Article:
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Religion in Japan

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Religion in Japan

Postby ziritrion » Sun Aug 03, 2003 16:48 +0000

This afternoon, I was typing the letters column of UY #63 (Komainu), as well as the story notes in there. I noticed that the meaning of the two stone dogs on the entrance of a Shinto shrine is to represent the balance between yin and yang. As far as I know, the concept of duality (black and white, good and evil, etc...) and the balance between opposing forces (yin and yang) is the basis of Taoism, religion created in China by Lao-tse (spelling?) around 600 b.C. However, the main religions of Japan (or at least what I think they are) are Shintoism (the local religion) and Mahayana and Zen Buddhism, which are kind of blended together due to the non-dogmatic nature of Eastern religions. There are also many details which seem taoistic but are present in Japan, like the concept of ki (chi or qi in Chinese), which is the inner human energy created in the hara (stomach, perhaps?), a part of the body placed 3 fingers below the navel (the Chinese arts of Tai Chi and Qi Gong deal with proper breathing as a way to allow your qi to flow more fluidly through your body in order to have good health; actually, Qi Gong is the basis of Kung-Fu, which is probably a derivation of Yoga).

My question is: which religions were known in Japan, or how did they influence the society's behavior? I don't know of any taoist cult in Japan, but the things listed above seem to point out some kind of taoist influence. Did the teachings of Confucius (spelling again?) ever arrived to Japan's shores? It looks like religion in Japan was some kind of mix up of cults :P .
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Postby takematsu » Tue Aug 05, 2003 13:12 +0000

To my knowledge, the primary religions in Japan up to modern times were Buddhism and Shinto. However, the Buddhism was filtered through China, where it would likely have picked up a lot of the flavour of taoism. Confuscian ideas likely got imported with the set up for the Imperial court during the initial interactions in the 4th or 5th century (top-of-head numbers-- if anyone's got the real numbers, please correct); some tao could have slipped in this way, too, since the Japanese were importing wholesale lots of Chinese literature. I guess one should mention the half-century or so of Christian influence before the Namban got chased out by the Shogun.

Since a lot of taoist stuff is well-entwined with medical theory (qi flow, yin, yang and the various meridians and accupuncture points), one can expect that as the medical texts got brought across, so did the notions contained within.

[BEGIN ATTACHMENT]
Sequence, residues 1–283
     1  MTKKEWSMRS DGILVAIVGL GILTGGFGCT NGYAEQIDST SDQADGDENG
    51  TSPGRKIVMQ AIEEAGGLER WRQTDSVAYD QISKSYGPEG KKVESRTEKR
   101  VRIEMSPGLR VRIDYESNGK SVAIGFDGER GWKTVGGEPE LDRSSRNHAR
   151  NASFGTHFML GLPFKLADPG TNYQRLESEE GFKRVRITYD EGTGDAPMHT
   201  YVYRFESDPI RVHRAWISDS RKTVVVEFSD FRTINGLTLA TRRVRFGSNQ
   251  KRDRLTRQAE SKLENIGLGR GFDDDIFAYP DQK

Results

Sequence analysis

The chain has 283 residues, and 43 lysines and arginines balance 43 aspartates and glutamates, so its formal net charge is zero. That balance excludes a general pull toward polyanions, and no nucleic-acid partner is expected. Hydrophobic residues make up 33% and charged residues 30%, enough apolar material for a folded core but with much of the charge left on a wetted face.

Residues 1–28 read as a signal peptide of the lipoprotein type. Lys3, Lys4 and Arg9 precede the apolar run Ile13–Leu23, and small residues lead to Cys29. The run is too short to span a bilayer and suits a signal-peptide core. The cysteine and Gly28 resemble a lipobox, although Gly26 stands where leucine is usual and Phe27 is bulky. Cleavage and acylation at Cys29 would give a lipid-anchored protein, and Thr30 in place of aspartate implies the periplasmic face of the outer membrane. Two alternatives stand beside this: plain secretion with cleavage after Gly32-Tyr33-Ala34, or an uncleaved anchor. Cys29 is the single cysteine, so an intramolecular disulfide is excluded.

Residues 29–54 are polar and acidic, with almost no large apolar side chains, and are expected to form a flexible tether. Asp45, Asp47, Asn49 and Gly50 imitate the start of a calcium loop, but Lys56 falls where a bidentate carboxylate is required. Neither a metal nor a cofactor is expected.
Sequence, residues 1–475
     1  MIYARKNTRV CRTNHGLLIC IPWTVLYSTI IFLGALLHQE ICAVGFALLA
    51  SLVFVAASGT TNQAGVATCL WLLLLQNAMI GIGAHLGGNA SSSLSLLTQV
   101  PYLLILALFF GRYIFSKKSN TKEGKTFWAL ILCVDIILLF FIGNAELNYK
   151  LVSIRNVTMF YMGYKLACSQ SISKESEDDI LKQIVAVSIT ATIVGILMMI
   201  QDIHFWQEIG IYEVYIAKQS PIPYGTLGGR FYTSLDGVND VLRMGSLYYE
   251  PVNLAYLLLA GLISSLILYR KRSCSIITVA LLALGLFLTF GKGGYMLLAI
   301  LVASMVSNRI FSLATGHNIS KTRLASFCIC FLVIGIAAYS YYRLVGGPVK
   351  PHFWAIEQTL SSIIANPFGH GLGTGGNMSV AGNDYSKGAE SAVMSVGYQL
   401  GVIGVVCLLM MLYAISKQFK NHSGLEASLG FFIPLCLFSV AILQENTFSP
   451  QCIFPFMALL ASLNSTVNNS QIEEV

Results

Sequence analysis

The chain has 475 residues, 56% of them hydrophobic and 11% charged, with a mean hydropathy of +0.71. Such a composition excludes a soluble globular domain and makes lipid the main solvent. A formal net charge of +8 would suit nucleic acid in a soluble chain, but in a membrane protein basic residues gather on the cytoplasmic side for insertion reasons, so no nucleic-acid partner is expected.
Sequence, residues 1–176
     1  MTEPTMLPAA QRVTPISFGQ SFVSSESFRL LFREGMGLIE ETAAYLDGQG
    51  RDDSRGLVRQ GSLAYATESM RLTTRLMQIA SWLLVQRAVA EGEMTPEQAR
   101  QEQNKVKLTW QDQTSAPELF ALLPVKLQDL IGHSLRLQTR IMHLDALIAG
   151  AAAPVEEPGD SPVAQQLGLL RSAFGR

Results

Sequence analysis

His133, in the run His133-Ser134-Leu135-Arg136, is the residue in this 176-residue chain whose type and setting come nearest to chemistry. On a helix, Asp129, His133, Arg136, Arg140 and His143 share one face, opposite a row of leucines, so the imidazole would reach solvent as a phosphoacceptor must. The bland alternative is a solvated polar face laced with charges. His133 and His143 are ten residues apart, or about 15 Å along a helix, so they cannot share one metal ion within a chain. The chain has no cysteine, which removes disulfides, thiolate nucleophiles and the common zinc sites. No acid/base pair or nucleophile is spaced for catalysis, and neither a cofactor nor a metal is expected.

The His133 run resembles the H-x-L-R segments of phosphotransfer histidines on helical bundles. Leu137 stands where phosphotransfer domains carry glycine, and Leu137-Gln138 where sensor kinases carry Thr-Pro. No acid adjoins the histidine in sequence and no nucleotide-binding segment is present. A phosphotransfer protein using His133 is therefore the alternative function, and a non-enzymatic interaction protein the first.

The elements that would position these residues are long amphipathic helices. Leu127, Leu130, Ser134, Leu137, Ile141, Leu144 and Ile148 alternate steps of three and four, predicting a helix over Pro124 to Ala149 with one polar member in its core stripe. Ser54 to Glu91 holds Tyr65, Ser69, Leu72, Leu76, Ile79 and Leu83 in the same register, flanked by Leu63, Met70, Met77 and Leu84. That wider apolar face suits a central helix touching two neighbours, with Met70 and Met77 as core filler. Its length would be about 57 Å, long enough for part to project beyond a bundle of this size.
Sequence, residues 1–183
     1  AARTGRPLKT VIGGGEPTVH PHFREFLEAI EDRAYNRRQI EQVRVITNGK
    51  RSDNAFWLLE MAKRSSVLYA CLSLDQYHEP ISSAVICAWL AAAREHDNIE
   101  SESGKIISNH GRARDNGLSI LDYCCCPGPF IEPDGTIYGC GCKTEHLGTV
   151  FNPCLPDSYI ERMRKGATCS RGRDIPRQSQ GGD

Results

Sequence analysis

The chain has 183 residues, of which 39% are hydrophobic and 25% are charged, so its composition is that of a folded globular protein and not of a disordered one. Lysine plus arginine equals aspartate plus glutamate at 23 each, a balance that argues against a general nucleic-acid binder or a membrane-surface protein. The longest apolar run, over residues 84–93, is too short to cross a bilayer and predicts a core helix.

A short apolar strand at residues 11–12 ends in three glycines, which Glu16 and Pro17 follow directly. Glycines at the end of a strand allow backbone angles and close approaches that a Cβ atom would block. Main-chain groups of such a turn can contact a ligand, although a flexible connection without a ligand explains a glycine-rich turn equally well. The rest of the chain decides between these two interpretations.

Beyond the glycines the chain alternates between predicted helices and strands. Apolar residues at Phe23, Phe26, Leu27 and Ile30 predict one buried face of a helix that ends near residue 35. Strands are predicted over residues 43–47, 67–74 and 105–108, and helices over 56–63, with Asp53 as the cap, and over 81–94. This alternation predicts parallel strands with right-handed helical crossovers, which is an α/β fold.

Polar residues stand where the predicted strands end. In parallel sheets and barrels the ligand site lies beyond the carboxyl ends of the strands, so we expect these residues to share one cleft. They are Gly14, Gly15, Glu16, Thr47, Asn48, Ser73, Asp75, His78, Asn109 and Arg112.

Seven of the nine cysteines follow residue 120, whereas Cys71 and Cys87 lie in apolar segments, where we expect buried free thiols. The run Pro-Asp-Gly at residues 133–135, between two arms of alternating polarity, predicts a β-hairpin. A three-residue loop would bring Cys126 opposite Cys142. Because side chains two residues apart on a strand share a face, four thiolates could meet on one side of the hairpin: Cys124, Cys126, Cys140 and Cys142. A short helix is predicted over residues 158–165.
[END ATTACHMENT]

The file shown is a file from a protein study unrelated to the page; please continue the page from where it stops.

As far as affecting society's behavior, Buddhism is responsible for the mainly vegetarian nature of the Japanese diet (I don't want to try to explain out how a slaughterer-of-dozens samurai could reconcile being a Buddhist-- there's explanations out there, they're long, and not entirely convincing). Confuscianism didn't leak out of the Imperial court too much except in the notions of "know your place" and "group is responsible for individual failures". Shinto, as far as I can make out, is the background on which everything else is happening-- references to kami lurking under every rock, the divine nature of the Emperor, why Japan is cooler than anywhere else, and pretty much everything that's not accounted for by the foreign belief systems. Remember too that there isn't a central source of Shinto beilefs, no "bible"-- the way in which Shinto was practiced would vary from town to town, and more so as one travelled through regions, so to Europeans with a book-taught religion it would look like there were a zillion slightly-related belief systems at work in Japan.



think I need a nap now.... :roll:
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Postby ziritrion » Tue Aug 05, 2003 14:34 +0000

Thanks for the info, Takematsu.

So, should I assume that the Japanese were just importing culture from China indiscriminately? As far as I know (not much), Taoism and Confucianism were pretty opposed philosophies. Or did they only pick those things that seemed better (or more convenient) for them?

NOTE: when I say "them" I mean the guys from above (Court, Shogun, Bushi, etc...) :P .
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Postby takematsu » Wed Aug 06, 2003 8:53 +0000

So, should I assume that the Japanese were just importing culture from China indiscriminately? As far as I know (not much), Taoism and Confucianism were pretty opposed philosophies.


Well, maybe not "indiscriminately". The Imperial Court would likely have been very much in favour of Confuscius, since it made opposing the will of the Emperor the same as opposing the will of Heaven, Gods and Nature-- allies I'd want! The Taoism would have come in by other sources (philosophy students, doctors, other questionable characters), because it suited their own, somewhat less political, agendas.
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